management, communications and warning systems.
Prediction
Attempts to forecast when and where a natural hazard will strike, based on
current knowledge. This can be done to some extent for tropical storms (and
volcanic eruptions, but less reliably for earthquakes).
Primary effects
The initial impact of a natural event on people and property, caused directly by
it, for instance buildings being partially or wholly destroyed by a tropical storm.
Protection
Actions taken before a hazard strikes to reduce its impact, such as educating
people or improving building design.
Secondary effects
The after-effects that occur as indirect impacts of a natural event, sometimes on
a longer timescale, for instance impact on access to potable water can lead to
spread of disease.
Social impact
The effect of an event on the lives of people or community.
Tropical storm (hurricane, cyclone, typhoon)
An area of low pressure with winds moving in a spiral around the calm central
point called the eye of the storm. Winds are powerful and rainfall is heavy.
3.1.1.4 Climate change
Adaptation
Actions taken to adjust to natural events such as climate change, to reduce
potential damage, limit the impacts, take advantage of opportunities, or cope
with the consequences.
Climate change
A long-term change in the earth's climate, especially a change due to an
increase in the average atmospheric temperature.
Mitigation
Action taken to reduce or eliminate the long-term risk to human life and
property from natural hazards, such as building earthquake-proof buildings or
making international agreements about carbon reduction targets.
Orbital changes
Changes in the pathway of the Earth around the Sun.
Quaternary period
The period of geological time from about 2.6 million years ago to the present. It
is characterized by the appearance and development of humans and includes the
Pleistocene and Holocene Epochs.
3.1.2.1 Ecosystems
Decomposer
An organism such as a bacterium or fungus, that breaks down dead tissue,
which is then recycled to the environment.
Ecosystem
A community of plants and animals that interact with each other and their
physical environment.
Food chain
The connections between different organisms (plants and animals) that rely on
one another as their source of food.
Food web
A complex hierarchy of plants and animals relying on each other for food.
Nutrient cycling
A set of processes whereby organisms extract minerals necessary for growth
from soil or water, before passing them on through the food chain - and
ultimately back to the soil and water.
Global ecosystem
Very large ecological areas on the earth’s surface (or biomes), with fauna and
flora (animals and plants) adapting to their environment. Examples include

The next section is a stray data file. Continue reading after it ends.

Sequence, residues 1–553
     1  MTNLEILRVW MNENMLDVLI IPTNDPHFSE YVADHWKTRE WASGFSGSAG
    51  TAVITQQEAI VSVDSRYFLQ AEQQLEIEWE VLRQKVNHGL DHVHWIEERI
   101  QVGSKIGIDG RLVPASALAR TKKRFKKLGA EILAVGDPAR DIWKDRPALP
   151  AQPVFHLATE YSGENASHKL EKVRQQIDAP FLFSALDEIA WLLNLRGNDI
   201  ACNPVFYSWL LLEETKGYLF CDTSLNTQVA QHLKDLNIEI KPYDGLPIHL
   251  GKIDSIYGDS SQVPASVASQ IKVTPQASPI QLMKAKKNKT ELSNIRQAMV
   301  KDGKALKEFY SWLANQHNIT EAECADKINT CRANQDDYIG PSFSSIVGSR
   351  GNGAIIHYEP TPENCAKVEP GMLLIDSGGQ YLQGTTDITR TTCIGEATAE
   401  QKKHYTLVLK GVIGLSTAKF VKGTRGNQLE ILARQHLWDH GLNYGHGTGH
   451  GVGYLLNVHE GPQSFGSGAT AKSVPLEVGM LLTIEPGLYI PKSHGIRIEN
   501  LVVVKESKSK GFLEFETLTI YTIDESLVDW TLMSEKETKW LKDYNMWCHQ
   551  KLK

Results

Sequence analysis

tropical rainforest and hot desert.
Producer
An organism or plant that is able to absorb energy from the sun through
photosynthesis.
Biodiversity
The variety of life in the world or a particular habitat.
Commercial farming
Farming to sell produce for a profit to retailers or food processing companies.
Debt reduction
Countries are relieved of some of their debt in return for protecting their
rainforests.
Deforestation
The chopping down and removal of trees to clear an area of forest.
Ecotourism
Responsible travel to natural areas that conserves the environment, sustains the
wellbeing of the local people, and may involve education. It is usually carried out
in small groups and has minimal impact on the local ecosystem.
Logging
The business of cutting down trees and transporting the logs to sawmills.
Mineral extraction
The removal of solid mineral resources from the earth. These resources include
ores, which contain commercially valuable amounts of metals, such as iron and
aluminium; precious stones, such as diamonds; building stones, such as granite;
and solid fuels, such as coal and oil shale.
Selective logging
The cutting out of trees which are mature or inferior, to encourage the growth
of the remaining trees in a forest or wood.
Soil erosion
Removal of topsoil faster than it can be replaced, due to natural (water and wind
action), animal, and human activity. Topsoil is the top layer of soil and is the
most fertile because it contains the most organic, nutrient-rich materials.
Subsistence farming
A type of agriculture producing food and materials for the benefit only of the
farmer and his family.
Sustainability
Actions and forms of progress that meet the needs of the present without
reducing the ability of future generations to meet their needs.
3.1.2.3 Hot deserts
Appropriate technology
(Also called Intermediate technology) Technology that is suited to the needs,
skills, knowledge and wealth of local people in the environment in which they
live. It usually combines simple ideas with cheap and readily available materials,
especially for use in poorer countries, and is environmentally friendly.
Biodiversity
The variety of life in the world or a particular habitat.
Desertification
The process by which land becomes drier and degraded, as a result of climate
change or human activities, or both.
Hot desert
Parts of the world that have high average temperatures and very low
precipitation.